Tag Archives: Spring 2016 (#9)

“This Year’s War” – Fiction by Nickalus Rupert

Thunderstorm on the Oregon Trail - Childe Hassam, 1908
Thunderstorm on the Oregon Trail – Childe Hassam, 1908

The grand finale of our Spring 2016 issue is “This Year’s War,” Nickalus Rupert‘s satirical yet tender tale of civil war in a not-so-improbable America.

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I’M GETTING TOO OLD FOR WAR, even the fictional kind. Our Reclusive Fifth hasn’t fought a real battle in years, and we don’t care to. Like so many others I’ve spent the better part of my adult life waiting for the thundering trumpets and molten skies that’ll finally herald the end times. Makes sense that the lesser cataclysms I’ve witnessed might set the table for a more proper apocalypse.

On the first Monday in April, we conduct our biannual meeting with the governor of New Oregon. Colonel Rivera reports heavy enemy casualties as usual. According to the records, we’ve laid low scores and scores of Cumberland soldiers, which is why Governor Swerth lets us keep our costly horses. Swerth drinks liberally from a flask looped around her shoulder. Her eyes moon with pride as Rivera embellishes the details of a battle we never fought. The more our colonel lies, the more I sweat, worrying that Swerth might want more details, might start demanding proof of battle.

Governor Swerth assures us that our victory is imminent and that Cumberland is run by unenlightened parochial mouth-breathers. Everyone knows that Swerth’s brother claims himself governor of Cumberland’s New Georgia, but no one mentions him. Swerth is so impressed she throws a few pieces of reformatted gold in with our usual bounty. Not that we need more gold.

On Tuesday, we march through another ruined town. Medford, maybe. Weeds and young trees spring from building foundations, confusing them for planters, while goats and rabid horses graze between toppled tombstones. Silas keeps chomping his bit and throwing his mane as we pass through. Even from a distance it’s obvious that many of the remaining townsfolk are delirious from heavy metal poisoning. Through my collapsible spyglass I watch two raggedy derelicts club each other with rusty appliances.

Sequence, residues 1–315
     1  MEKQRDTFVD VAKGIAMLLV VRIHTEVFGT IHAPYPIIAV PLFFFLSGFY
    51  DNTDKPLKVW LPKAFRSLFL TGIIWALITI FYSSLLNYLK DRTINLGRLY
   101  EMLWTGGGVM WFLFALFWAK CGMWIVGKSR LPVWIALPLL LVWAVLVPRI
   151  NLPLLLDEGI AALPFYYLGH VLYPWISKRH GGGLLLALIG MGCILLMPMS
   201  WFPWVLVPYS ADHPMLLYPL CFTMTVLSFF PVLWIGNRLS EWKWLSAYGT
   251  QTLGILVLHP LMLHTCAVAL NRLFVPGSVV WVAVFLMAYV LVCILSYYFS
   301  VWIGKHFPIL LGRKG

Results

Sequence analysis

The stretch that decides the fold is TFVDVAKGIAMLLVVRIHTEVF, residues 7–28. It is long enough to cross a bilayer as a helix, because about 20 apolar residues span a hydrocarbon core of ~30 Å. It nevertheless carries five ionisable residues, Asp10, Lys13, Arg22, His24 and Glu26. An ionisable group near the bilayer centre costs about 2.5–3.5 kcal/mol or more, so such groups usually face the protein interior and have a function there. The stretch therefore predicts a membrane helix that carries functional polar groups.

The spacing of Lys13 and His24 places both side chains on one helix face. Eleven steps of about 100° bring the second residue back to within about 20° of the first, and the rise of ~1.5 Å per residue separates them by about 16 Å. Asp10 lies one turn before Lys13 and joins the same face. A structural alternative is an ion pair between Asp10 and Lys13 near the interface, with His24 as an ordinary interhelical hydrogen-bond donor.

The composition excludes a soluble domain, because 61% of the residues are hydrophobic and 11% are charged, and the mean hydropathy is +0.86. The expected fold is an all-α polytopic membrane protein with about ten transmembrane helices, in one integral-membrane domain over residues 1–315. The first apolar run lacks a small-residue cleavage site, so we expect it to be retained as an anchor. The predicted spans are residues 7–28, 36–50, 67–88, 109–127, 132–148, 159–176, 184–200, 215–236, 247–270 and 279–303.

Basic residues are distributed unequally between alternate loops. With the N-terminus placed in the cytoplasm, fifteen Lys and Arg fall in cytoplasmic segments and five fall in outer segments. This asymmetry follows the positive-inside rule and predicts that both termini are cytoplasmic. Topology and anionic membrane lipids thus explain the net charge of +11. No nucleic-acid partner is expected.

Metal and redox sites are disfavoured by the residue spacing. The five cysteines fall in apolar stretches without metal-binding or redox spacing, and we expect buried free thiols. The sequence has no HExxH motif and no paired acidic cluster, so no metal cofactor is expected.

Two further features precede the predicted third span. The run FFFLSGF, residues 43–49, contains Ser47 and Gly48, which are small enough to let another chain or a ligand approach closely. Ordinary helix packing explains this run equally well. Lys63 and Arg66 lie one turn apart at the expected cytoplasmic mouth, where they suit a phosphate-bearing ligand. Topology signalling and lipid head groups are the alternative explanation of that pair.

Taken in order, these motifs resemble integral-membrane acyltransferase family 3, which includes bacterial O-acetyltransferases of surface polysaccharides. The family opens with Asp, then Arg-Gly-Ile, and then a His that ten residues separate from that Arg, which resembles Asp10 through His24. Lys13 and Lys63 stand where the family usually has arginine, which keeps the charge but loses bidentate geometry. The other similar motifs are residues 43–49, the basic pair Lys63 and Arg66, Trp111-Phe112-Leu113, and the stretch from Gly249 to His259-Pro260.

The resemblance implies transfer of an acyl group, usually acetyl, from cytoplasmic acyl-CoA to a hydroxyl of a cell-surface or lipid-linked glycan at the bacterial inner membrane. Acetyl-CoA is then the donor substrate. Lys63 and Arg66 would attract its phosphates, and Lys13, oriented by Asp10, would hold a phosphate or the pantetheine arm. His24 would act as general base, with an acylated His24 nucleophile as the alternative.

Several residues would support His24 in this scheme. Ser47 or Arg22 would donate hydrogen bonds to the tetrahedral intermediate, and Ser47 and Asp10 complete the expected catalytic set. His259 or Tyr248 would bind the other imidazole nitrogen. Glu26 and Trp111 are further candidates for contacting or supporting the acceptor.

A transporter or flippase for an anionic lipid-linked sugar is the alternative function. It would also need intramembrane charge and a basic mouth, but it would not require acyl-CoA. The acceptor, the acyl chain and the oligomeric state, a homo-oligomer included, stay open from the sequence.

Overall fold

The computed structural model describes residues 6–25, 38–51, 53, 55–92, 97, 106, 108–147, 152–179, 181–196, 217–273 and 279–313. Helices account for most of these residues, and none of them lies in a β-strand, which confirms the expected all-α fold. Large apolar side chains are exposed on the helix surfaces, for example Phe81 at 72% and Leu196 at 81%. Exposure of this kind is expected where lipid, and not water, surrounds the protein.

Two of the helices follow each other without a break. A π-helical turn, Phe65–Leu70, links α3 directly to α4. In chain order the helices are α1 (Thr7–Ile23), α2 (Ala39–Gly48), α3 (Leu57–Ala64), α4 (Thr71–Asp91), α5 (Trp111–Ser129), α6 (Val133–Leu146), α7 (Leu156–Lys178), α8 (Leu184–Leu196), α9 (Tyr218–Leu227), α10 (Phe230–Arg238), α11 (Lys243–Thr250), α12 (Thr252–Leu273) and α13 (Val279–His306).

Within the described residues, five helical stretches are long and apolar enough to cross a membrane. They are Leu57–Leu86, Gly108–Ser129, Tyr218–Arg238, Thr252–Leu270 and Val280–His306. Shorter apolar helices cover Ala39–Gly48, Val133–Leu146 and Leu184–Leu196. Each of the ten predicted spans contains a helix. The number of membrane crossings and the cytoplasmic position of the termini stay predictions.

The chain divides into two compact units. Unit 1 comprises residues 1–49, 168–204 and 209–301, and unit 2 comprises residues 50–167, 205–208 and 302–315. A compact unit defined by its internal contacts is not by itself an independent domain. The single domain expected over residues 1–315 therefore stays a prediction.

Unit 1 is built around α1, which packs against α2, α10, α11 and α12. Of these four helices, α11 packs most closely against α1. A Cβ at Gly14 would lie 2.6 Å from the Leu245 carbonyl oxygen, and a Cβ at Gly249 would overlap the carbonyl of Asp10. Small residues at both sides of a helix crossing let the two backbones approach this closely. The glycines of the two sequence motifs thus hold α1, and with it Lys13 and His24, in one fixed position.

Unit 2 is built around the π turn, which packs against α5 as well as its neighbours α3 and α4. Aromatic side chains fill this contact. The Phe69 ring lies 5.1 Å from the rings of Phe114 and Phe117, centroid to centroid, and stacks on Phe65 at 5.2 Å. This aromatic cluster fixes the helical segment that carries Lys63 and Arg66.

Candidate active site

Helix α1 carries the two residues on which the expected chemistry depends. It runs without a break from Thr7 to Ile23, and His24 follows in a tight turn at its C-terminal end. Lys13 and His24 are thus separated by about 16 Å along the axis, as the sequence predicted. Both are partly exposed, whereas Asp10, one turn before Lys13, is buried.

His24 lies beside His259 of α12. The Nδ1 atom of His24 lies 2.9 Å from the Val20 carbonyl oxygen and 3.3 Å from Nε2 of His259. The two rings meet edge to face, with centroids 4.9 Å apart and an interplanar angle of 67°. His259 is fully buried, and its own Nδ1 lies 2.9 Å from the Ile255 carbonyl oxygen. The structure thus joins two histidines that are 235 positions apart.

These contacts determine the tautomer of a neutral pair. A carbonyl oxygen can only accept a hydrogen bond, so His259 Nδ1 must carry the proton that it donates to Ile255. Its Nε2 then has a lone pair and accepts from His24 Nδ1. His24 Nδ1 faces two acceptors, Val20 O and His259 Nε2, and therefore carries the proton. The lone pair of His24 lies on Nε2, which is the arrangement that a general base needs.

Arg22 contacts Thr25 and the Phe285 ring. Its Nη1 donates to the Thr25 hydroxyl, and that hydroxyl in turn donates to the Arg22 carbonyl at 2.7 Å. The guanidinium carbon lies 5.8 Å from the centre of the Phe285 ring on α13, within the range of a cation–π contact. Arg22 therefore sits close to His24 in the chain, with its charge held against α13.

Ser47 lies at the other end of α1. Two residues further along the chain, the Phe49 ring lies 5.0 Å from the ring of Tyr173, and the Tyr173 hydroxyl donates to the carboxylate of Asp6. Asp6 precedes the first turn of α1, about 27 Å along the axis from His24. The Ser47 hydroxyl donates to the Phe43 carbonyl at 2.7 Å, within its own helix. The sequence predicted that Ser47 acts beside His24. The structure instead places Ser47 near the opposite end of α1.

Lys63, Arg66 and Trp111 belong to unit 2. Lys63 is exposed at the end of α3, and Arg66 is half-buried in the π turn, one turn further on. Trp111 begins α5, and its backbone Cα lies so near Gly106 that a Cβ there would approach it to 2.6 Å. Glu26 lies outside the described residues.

Shadowy mountain ranges tumble up from the northeast as we pass, their peaks sharp and frosted. Mt. McLoughlin reveals itself by degrees, a newly-formed tooth. To behold such a place, you might believe there’s more to the world than what we’ve seen ruined.

Rivera waxes sentimental about Crater Lake, that great barnacle nestled among the Cascades. He talks about the purity of its waters, which pool over three hundred fathoms deep inside the rim. It’s irritating to hear him go in like this. I’m not one who likes to get distracted by the landscape, which can kill you just as well as anything else out here.

On Thursday we round a river bend to find a brick-red canoe lashed to a tree on the opposite bank. The dozing fisherman’s pole is still poised over the water. We all smile easily until Doris motions to the faint ribbons of smoke curling over the pointed hemlocks behind the canoe. We hush our horses and scuttle under the firs. Echo huddles beside me on the dry loam. She and I are the only gray-heads in the bunch, she several years my senior, and already showing symptoms of toxicity. Over the years, I’ve seen her stove in her share of skulls, but now she sits with a fledgling bird in her coat pocket.

“I named her Pickles,” she whispers.

“Why Pickles?” I ask.

“Because that’s what I was hungry for, Clark.”

A few minutes later, we see the first enemy soldier. He parts the hemlocks along the opposite bank and swoons in the sunshine, shoeless and shirtless, his chest bearing three tattooed feathers—an emblem trademark of the Cumberland flag. He saunters along the river, pulls a serrated knife from its scabbard, and belches. The sleeper in the canoe doesn’t stir, so the soldier tickles the inside of the sleeper’s ear with the blade. That wakes him up. Without a word, the soldier hauls the man up by his hair and drops him onto the muddy bank. The fisherman pleads with the soldier, who laughs. Another Cumberland grunt appears at the soldier’s side and they begin laughing and kicking the fallen fisherman, either man lean as a bayonet. One of them pulls the guy’s oars out and chops his ribs good. I’m surrounded by gaping mouths. Few of our regiment’s soldiers are old enough to have encountered any significant conflict. No way they’ll risk their lives for this stranger.

A Cumberland soldier spits into the mud and starts piling river stones and driftwood into the canoe. The other soldier nods and adds branches of his own. They load the flimsy fisherman back into the canoe, pinning his legs beneath a snarl of branches and anchoring the branches with more rocks.

The fisherman doesn’t dare move, not even when his canoe lists over, water already threatening to spill over the gunwales. The soldiers swell toad-like as they taunt. They’ll drown this man. They’ll probably kill me if I try to interfere, but that’s not reason enough to stay hidden. Better to make a worthy sacrifice, no matter how feeble the effort.

Continue reading “This Year’s War” – Fiction by Nickalus Rupert

“advice from spirit eater” and “father” – Poetry by William Lessard

Burning House - Marc Chagall, 1913
Burning House – Marc Chagall, 1913

Not only does William Lessard have 3 gorgeously surreal poems in our Spring 2016 issue (including “advice from spirit eater” and “father,” below), he’ll have four more poems in our forthcoming issue, FLAPPERHOUSE XAND he’ll be performing at our 8th Reading / Issue X Flight Party at Brooklyn’s Pacific Standard on June 22!

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“advice from spirit eater”

BLUE BABY ANGEL

tucked

behind your spleen

every night

he claws out,

just to watch

cartoons

can’t stop him / can

slow him down

he likes sugar

and anger—give him

vegetables

&

joy